Let’s talk about the impact of people for a moment. I’m going to check time. I’m going to speed through for the next five minutes because I want to get as many questions in. The impact of people, super substantial. Look at the difference. I’m no football fan, so I couldn’t really talk about this. What is very interesting is when you put a human narrative to a story, how much more that grows. We saw that happen in the personal profiles as we were building ContentCal. I’ve seen that happen across other businesses I’ve advised to.

It makes perfect sense because eyes and trust, people believe the stories of individuals and we want to follow the journeys of the people that we truly care about. I’m going to skip over that one actually, because that was just people saying nice things about me and we don’t need that.

Collaborations, there are so many tools. The thing that makes me excited about this is because all the social media channels are leaning into this because they’ve recognized the power of collabs. Whilst there’s lots of different things like TikTok’s branded mission, there’s collabs on Instagram, which I absolutely adore, because as we know, as soon as you tag someone else as a collaborator in the post, it goes to their feed and your feed. You’ve doubled the reach, probably 3X it because the person you’ve collaborated with likely have more followers. All of that is such an incredible way of extending your reach of your brand outside of just thinking about what you post in your own channels.

The other thing I just want to call out here is that when you work with others, whether it’s– think about an interview format. Whether it’s Instagram Live, whether it’s something like we’re doing today on a webinar, whether it’s a podcast, they are the highest leveraged pieces of content you could ever create. Not only can you repurpose that content very easily, and a bit of a tooltip here, I’m not affiliated with it, but I love it. It’s the best tool I’ve seen in social media for years. It’s called Opus Clip. I’m sure many of you know it.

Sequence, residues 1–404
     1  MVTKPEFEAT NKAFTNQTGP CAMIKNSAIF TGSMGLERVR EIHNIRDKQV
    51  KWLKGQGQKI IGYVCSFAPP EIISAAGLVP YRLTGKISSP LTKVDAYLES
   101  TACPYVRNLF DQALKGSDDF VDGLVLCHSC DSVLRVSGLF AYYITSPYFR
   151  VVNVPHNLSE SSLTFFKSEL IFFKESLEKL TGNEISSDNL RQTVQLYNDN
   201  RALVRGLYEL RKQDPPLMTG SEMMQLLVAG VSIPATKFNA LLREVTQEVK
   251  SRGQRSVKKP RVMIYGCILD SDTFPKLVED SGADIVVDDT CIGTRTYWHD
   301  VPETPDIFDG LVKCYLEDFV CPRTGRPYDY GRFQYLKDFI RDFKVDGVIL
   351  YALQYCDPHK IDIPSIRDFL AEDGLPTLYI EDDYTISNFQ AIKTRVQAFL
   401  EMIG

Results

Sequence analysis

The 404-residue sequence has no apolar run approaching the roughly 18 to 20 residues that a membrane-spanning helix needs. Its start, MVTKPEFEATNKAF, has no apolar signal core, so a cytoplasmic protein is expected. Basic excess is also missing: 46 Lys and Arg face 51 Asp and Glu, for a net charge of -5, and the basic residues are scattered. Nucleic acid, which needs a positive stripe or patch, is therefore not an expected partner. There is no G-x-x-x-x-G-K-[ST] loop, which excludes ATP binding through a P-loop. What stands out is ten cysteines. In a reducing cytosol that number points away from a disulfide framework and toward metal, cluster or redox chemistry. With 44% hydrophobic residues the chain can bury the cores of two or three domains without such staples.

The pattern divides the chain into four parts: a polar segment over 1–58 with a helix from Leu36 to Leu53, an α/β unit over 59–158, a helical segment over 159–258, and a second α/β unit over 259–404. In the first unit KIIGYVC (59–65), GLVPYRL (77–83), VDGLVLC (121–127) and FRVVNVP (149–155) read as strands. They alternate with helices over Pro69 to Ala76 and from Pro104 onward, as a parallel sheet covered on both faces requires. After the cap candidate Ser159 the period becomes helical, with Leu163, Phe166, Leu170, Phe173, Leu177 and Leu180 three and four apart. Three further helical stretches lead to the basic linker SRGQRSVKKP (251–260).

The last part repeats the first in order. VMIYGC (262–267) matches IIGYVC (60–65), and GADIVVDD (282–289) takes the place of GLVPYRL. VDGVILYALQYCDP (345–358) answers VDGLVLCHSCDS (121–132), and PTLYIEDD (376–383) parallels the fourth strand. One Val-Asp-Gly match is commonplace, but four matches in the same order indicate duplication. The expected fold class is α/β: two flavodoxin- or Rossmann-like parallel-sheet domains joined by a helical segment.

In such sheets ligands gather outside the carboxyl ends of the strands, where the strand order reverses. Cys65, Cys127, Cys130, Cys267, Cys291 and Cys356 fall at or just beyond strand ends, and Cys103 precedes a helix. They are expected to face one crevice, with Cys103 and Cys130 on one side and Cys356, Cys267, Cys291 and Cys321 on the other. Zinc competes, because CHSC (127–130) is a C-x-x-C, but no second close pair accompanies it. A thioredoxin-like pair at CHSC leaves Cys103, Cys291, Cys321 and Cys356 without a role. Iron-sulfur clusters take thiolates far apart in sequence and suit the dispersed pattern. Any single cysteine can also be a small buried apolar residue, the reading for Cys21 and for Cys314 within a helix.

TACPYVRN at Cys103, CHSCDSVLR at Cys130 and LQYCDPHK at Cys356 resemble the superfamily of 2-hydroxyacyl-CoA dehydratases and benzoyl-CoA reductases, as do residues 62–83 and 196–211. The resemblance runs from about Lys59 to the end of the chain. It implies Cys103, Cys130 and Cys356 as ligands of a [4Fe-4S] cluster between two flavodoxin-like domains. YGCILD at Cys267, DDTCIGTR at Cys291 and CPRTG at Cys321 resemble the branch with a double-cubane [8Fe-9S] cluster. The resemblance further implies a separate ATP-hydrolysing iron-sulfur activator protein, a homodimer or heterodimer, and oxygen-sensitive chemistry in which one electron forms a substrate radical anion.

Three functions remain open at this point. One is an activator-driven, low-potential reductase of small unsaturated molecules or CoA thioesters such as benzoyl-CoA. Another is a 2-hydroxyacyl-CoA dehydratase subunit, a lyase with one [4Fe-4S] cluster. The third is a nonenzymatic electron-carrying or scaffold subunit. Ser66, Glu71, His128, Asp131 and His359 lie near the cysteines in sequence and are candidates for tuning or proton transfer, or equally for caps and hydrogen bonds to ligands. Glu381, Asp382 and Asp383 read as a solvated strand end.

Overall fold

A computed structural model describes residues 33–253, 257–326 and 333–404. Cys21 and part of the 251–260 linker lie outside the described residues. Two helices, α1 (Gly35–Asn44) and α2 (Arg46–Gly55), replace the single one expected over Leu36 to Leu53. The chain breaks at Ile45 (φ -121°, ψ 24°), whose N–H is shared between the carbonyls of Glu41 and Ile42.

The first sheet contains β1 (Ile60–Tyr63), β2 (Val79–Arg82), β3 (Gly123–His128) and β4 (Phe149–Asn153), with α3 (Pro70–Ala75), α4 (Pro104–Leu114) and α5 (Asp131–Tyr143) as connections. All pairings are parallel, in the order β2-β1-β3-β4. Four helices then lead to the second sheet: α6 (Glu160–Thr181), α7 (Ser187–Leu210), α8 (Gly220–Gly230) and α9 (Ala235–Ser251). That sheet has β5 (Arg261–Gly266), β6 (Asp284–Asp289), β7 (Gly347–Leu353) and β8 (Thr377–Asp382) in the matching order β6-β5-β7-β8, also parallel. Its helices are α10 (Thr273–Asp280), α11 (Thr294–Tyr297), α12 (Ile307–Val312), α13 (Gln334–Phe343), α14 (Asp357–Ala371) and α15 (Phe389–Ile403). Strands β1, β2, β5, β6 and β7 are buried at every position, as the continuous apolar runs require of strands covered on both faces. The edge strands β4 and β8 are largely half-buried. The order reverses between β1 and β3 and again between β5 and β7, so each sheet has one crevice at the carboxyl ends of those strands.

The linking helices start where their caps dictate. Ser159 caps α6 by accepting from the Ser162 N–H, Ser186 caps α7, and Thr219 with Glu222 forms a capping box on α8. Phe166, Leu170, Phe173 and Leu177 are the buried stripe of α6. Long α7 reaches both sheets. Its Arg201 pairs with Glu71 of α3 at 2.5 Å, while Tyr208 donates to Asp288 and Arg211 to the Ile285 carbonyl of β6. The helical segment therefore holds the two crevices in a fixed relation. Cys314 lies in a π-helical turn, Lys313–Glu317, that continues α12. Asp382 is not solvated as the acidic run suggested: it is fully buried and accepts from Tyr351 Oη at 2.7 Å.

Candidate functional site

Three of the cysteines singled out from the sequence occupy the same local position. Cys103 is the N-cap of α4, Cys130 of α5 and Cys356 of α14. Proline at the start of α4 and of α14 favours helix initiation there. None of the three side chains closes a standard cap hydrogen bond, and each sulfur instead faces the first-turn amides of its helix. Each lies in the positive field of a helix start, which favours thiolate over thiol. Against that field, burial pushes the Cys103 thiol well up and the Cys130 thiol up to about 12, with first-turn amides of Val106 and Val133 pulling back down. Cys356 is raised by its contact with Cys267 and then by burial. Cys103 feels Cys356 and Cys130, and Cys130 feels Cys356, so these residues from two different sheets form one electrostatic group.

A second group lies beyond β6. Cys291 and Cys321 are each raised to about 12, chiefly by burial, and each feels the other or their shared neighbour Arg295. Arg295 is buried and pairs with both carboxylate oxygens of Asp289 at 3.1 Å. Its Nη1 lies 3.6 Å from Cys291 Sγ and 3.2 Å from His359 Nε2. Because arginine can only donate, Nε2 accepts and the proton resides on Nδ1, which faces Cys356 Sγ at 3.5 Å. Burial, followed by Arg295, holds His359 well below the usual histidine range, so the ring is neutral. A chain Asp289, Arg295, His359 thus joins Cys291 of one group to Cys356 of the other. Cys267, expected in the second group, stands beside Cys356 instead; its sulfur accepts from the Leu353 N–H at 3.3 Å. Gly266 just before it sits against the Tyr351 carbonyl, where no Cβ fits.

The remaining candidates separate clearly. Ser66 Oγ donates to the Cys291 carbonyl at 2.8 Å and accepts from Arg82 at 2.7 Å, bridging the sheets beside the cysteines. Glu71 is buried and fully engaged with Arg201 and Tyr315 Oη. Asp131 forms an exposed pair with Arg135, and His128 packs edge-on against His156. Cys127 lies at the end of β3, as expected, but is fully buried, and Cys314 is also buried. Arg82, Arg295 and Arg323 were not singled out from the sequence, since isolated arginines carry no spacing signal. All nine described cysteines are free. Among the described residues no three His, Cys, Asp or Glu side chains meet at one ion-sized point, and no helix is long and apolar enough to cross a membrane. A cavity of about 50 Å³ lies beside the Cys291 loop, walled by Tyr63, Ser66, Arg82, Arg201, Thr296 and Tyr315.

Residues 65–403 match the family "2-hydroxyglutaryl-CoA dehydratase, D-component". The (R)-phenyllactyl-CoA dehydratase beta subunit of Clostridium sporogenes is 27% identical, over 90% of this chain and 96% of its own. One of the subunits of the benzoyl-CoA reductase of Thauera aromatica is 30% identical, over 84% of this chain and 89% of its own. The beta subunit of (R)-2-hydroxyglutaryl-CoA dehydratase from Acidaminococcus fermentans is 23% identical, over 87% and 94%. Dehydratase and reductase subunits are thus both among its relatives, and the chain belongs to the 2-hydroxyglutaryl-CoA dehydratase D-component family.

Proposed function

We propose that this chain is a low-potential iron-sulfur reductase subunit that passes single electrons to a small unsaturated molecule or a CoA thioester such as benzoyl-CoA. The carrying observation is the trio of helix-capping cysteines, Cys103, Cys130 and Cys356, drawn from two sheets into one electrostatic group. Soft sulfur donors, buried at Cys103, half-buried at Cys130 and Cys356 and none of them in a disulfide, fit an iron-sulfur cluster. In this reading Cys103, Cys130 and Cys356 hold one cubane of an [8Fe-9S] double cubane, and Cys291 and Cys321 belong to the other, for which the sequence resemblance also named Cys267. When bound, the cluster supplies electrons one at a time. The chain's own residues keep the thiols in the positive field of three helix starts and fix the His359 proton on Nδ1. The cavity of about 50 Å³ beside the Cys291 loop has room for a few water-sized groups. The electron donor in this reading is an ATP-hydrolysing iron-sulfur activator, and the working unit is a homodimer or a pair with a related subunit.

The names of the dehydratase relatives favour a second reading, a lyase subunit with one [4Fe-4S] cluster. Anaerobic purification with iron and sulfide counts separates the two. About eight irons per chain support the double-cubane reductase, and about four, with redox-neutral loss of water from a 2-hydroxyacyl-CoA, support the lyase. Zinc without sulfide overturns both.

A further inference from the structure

You can put one long-form piece of content into it and it just spits out loads of short-form versions. I think you’ve probably used that as well. I’ve certainly seen something that looks similar, but yes. Shoot, it’s a best-kept secret, but it’s an amazing, amazing product. That’s what I mean, leverage because you can increase the velocity of your content, and of course, because you’ve worked with others, it naturally makes it inherently reshareable.

Big brand example, 7.8 billion views just from this collab across this thing called McDonald’s Menu Hacks, where McDonald’s had this concept of putting together this random assortment of McDonald’s meals and creating their own cocktail of McDonald’s stuff. Sounds interesting. Either way, called it Menu Hacks. It became such a massive thing on TikTok because they accelerated that through partnerships and individuals. We know the impact that has. I can only dream of seeing those kind of numbers. I’m sure most of us can’t, but most of us aren’t McDonald’s, but you get the concept of how powerful this can be and it is not reserved for massive businesses working with others and allowing others to encourage your content to proliferate.

I am going to fire through this because I’ve only got two more things, I think, and then we’re going to go into this. Now, I’m not going to talk through this because this is the nerdiest slide in the world and it is also one of my favorite ones. The point being, I’m going to share these slides and looking at this will really help us to find the channels we want to focus on.